They’ve only gone and bloody done it again! The Spectator, the magazine whose Down-Under editors dropped a cool half-million in libel damages — plus God knows what costs — over wild allegations arising from the Queensland floods, the British wing of the magazine (i.e. the bit worth reading) has come a cropper, with the rapid rise and fall of Toby Young, ageing post-punk London kid turned conservative turned — just a week ago — the government’s appointed representative of students, in higher ed management, a position he has already resigned from. Thereby hangs a tale …

Young was famous for founding The Modern Review decades back, a magazine that revolutionised the way the press covered pop culture, with essays on the oeuvres of John Candy and Camille Paglia, per example, cheek by jowl. The Guardian‘s G2, and everything like it, sprang from there.

So did Toby. Fast. After a few years in the US, and a couple of readable books, he returned to Blighty and the predictable rightward slide. As usual, it was a self-cancelling act. Having battered down the British high-culture/mass-culture barrier, he sought to raise it again in the Cameron era, by becoming a leader of the “free” schools movement — whereby you set up a selective school, the government funds it, and the increased inequality is paid for by the taxpayers’ penny.

Young, in The Spectator, would say otherwise: that non-selective education has failed, that his free schools have subsidised places, etc. Unfortunately, he also said a lot of other things in that magazine: that working-class students at Oxbridge are “stains”, that wheelchair ramps were offensive, that he had a porn addiction and that a lot of women in public life had great “knockers”. Oh, and some musings about whether eugenics should be given another go.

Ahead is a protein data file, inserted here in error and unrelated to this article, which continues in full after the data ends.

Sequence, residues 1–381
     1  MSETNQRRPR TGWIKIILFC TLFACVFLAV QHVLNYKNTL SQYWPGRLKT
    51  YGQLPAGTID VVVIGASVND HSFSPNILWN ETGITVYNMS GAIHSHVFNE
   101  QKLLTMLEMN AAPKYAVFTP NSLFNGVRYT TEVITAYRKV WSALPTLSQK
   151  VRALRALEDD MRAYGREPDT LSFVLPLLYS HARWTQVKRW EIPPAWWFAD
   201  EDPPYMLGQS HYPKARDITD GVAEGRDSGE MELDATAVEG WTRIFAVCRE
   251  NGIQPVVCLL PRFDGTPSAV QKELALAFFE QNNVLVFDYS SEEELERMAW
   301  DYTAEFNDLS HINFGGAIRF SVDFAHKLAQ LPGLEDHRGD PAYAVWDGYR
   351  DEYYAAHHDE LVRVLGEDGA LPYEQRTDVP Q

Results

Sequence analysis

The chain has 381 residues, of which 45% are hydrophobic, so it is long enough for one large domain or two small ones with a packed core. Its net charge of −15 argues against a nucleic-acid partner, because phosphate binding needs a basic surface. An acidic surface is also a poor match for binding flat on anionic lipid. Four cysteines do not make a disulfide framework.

[Defamation payout might sideline The Spectator for good]

All of it was part of rebuilding a wrecked journalistic career at the Speccie, as a sort of Tory lads’ mag. Viable in the Cameron era; absolutely not now. Young was appointed to the Office of Students by Jo Johnson, brother of Boris. That set off a week in which the beleaguered May government had to spend valuable political capital defending a self-confessed porn addict as a representative of modern conservatism, trying to defend Young’s “caustic wit”. 

Doesn’t work, but they’ll keep doing it, and Young’s case provides an answer why, for he is the son of Michael Young, a towering figure of post-war life, who basically kickstarted modern community-centred development in post-war UK (and elsewhere), founded the all-access Open University – and also opposed Labour’s bureaucraticisation of social democracy at the same time. Young fils, in his very readable How To Lose Friends And Alienate People — yes, the Tories really elevated someone who wrote a memoir called that — made it pretty clear that he suffered under his father’s shadow. Like most of the right, he deals with self-hatred by turning it on others.

The Tories wanted him on board because of his passionate advocacy for selection-based, state-funded schools — and the advocacy is passionate, because “selection” is the exact thing that Michael Young believed stood in the way of true equality. Say what you like about parricide, it releases a lot of energy, and it is this sort of crazed, unthinking burn that conservatism runs on now.

That and a sheer and simple hatred of the new world coming. The week they spent defending Toby Young, also heralded a cabinet reshuffle, which demoted education secretary Justine Greening — a northern, LGBT woman, educated at a comprehensive school. She promptly quit the government. Since the whole point of the reshuffle had been to make the Tories look like modern Britain, it was a great message to send to the suburbs of provincial towns, as a total collapse of government looms.

And though all this is mostly made up of government unforced errors, it was the Speccie wot won it. What was in the 1980s one of the best-edited magazines in the world is now a spite-slum for the witlessly abusive. Even for the English, it’s a staggering amount of own goals.

Get more Crikey, for less

It’s more than a newsletter. It’s where readers expect more – fearless journalism from a truly independent perspective. We don’t pander to anyone’s party biases. We question everything, explore the uncomfortable and dig deeper.

Join us this week for 50% off a year of Crikey.

Peter Fray
Peter Fray
Editor-in-chief of Crikey
50% off